Sunday, Jan. 30, 2000 | 10:39 a.m.
Jeff German is the Sun's senior investigative reporter. Reach him at [email protected] lasvegassun.com or 259-4067.
A proposed hit on John Gotti's son, a plan to kill Ted Binion and details of the slaying of Herbie Blitzstein all are contained in jailhouse notes Ron Mortensen once secretly gave FBI agents.
Mortensen, a 35-year-old former Metro cop convicted in the December 1996 drive-by shooting of Daniel Mendoza, sat down with FBI agents at the Clark County Detention Center just weeks after his May 1997 trial.
Mortensen, now serving two life prison terms without the possibility of parole, gave agents 23 pages of handwritten notes (copies of which I've obtained) detailing his discussions with Antone Davi, who was awaiting trial in Blitzstein's shooting death. Blitzstein was a confidante of slain Chicago mob kingpin Anthony Spilotro.
The conversations between Mortensen and Davi occurred between June 9 and July 3 of 1997 while the two men were cellmates.
FBI agents Charles Maurer and Michael Howey, both prominently involved in the Blitzstein murder investigation, went to see Mortensen on July 14, 1997, records show.
"Mortensen said Davi almost immediately began to trust him and thereafter told Mortensen about his, Davi's, criminal activities," the agents wrote in a July 18, 1997, two-page report. "Mortensen would subsequently write down the things that Davi told him when Davi was not around or when he could disguise his activities as if he were writing a letter."
Prosecutors had planned to call Mortensen to the witness stand at Davi's April 1999 trial in federal court, but the 29-year-old Davi pleaded guilty just before the start of the trial.
The other Blitzstein shooter, Richard Freidman, also ended up pleading guilty. So did Alfred Mauriello, the reputed mob associate charged with hiring Davi and Freidman to kill Blitzstein in a scheme by the Los Angeles Mafia to take over street rackets here.
In his notes, Mortensen said Davi told him a rival New York crime family was "arranging through Al Mauriello to put a hit on Gotti's son, and Davi and Freidman were going to do that one, too." Gotti is the jailed boss of New York's Gambino crime family.
Davi also told Mortensen that he had informed FBI agents of a proposed "hit on Teddy Binion" a week before his house was sprayed with bullets in June 1997.
Mortensen said Davi reported that Binion was offering Mauriello $50,000 to kill his sister, Horseshoe Club owner Becky Behnen. Davi and Friedman were going to be directed to do that hit, Mortensen said.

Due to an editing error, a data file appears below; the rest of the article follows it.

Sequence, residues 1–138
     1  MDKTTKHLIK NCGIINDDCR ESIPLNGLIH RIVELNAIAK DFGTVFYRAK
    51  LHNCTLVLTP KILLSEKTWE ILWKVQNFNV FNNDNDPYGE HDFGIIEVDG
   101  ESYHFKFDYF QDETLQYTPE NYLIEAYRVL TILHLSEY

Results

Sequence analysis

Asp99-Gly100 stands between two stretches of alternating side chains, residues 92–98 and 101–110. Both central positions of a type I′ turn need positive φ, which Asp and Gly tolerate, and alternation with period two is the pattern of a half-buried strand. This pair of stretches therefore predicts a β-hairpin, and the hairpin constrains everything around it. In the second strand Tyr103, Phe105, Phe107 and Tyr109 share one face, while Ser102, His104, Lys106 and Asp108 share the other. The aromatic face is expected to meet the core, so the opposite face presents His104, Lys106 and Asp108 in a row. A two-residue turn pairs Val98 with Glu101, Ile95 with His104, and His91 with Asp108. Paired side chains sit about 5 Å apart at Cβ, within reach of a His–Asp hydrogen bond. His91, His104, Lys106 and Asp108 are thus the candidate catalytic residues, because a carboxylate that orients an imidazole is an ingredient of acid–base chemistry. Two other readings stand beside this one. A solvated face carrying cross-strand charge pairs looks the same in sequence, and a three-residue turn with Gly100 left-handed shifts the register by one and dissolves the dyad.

But Binion, Davi told Mortensen, was not aware that the mob associates also wanted to kill him so that they could gain access to millions they thought were stashed away in his 2408 Palomino Lane home.
Binion was found dead at his house more than a year later, on Sept. 17, 1998. His girlfriend, Sandy Murphy, and her reported lover, Rick Tabish, are charged in his slaying.
Davi also said that Club Paradise, an adult cabaret on South Paradise Road, was a hangout for underworld figures in 1997. At the time, the club was run by Sam Cecola, who was alleged to have ties to the Chicago mob.
All of the "heavyweights of the local Mafia" were meeting at the topless club, Davi told Mortensen.
Davi, an ex-boxer who said he suffered brain injuries, referred to himself as part of a 10-member Las Vegas crew affiliated with New York and Los Angeles crime families.
He described how he and Freidman broke into Blitzstein's home on Jan. 6 1997, waited inside for six hours for him to come home and then shot him to death with .22 caliber revolvers.
As he slumped to the floor, Blitzstein put his hands to his face and yelled, "Why Me? Why Me?" Davi reported. After the slaying, Davi told Mortensen, the two killers casually went to an Outback restaurant to have dinner.
Mortensen provided the FBI agents with a July 9, 1997, letter he received from Davi after Mortensen had been moved to an isolation cell to prove to the agents that Davi believed the two men had become friends.
In the letter Davi said he missed sharing a cell with Mortensen and didn't understand why jail officials had separated them.
"This place is known for breaking hearts," he wrote. "Just when we started getting real tight, look what happens."
He described their time together as "too good to be true."